All Hustle, No Flow

(Canada/Laos, 95 min.)
Written and directed by Jamie M. Dagg
Starring: Rossif Sutherland, Sarah Botsford, Douangmany Soliphanh, Aiden Gillett
Elevation Pictures

Rossif Sutherland keeps on running in River, but the film doesn’t move towards any heavenly body. This brisk yet sluggish chase move just keeps going as newcomer Jamie M. Dagg, winner of this year’s Canadian Screen Award for best first feature, recycles clichés in a thriller that shows much promise despite its overall unevenness. The film literally runs out of gas—twice—as Sutherland runs and runs without really getting anywhere. River is also hustle, no flow.

Sutherland (nominated for a Screenie for his performance) stars as American doctor John Lake who is doing a tour with a clinic in Laos. He doesn’t really fit in at the clinic, nor does he respect the authority of his supervisor (Sarah Botsford), but he’s passionate about saving lives as the opening ER scene shows. John gets to save the day again when he takes a short vacation in a Laotian village and stumbles upon the aftermath of a sexual assault in which a boorish Aussie (Aiden Gillett) takes advantage of a girl after filling her with liquor. John loses control and brutally pummels the offender to death, leaving him afloat in the river, while the girl misreads the situation as identifies John as her aggressor. Rather than talk things out and explain himself to the cops, he flees.

River puts an unconventional spin on the white saviour narrative as John’s desire to save and protect vulnerable people unleashes his capacity for violence. His behaviour becomes increasingly irrational as he evades the police and he often embodies the stereotype of the entitled westerner who throws money around and causes chaos in a foreign land. The further he runs, the deeper he falls into the abyss of his own demons.

Sutherland admirably throws himself into a largely physical performance as a desperate man in way over his head. The film works against him, though, because it’s hard to sympathise for a man who takes a moral high road, yet refuses to hold himself accountable for his actions. His intentions in saving the girl are noble, but he’s also a blind, out of control alcoholic who killed someone in a drunken rage. The swift pace of the film doesn’t give John a chance to earn the audience’s sympathy, either, as it throws one roadblock after another in John’s direction. It’s a film of complications, but not one for character development, so it’s hard to care much about John’s predicament, although he redeems himself in the end.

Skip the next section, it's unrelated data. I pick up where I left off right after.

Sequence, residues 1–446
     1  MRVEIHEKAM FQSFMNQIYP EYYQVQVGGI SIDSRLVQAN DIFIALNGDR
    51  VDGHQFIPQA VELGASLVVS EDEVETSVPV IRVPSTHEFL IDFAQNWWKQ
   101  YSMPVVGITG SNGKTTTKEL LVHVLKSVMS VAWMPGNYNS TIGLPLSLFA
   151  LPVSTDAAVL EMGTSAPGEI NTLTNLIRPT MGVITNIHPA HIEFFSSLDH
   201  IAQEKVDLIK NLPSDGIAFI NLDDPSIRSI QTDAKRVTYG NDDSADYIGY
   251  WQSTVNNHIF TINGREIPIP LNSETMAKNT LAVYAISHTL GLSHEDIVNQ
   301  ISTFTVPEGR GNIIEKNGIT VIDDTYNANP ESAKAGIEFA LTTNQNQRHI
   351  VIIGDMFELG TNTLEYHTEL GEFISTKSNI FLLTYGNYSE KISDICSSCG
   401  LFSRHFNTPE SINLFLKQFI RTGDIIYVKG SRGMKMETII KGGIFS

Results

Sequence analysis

Dagg admirably tries to create a thriller out of narrative that is essentially a one-man show and River finds pockets of suspense as John attempts to return home to America, but the genre workings overwhelm the film as shaky camerawork and kinetic editing prove nauseating with their wannabe Danny Boyle breathlessness as River careers towards kitchen sink territory. There’s a great opportunity for a great character study here, though, as Dagg explore one man’s capacity for violence. If River flowed towards the waters of an art film, rather than to the rapids of a genre piece, it might be great.

River also finds its own set of tensions with the elements of place and character that ripple through it. As the first North American production to shoot in Laos, River uses the busy streets and the energetic trappings of the villages as integral parts of its character without seeming too exotic. However, River finds itself in the murky waters that often trouble Canadian productions as it rejects elements of tangible Canadianness in favour of American appeal. River runs into troubled waters by awkwardly introducing John’s Americanness late in the film as he seeks aid from the embassy, as if a US passport validates his hero complex and efforts to shirk the law. Since River offers a fair bit of French dialogue given the French colonial history of Laos, John seems ideally suited to be Canadian anyways. There isn’t any reason for John to be an American, perhaps other than to create an obnoxious tourist without making it seem as if Canadians can also be entitled d-bags whilst on vacation.

River is now playing in limited release.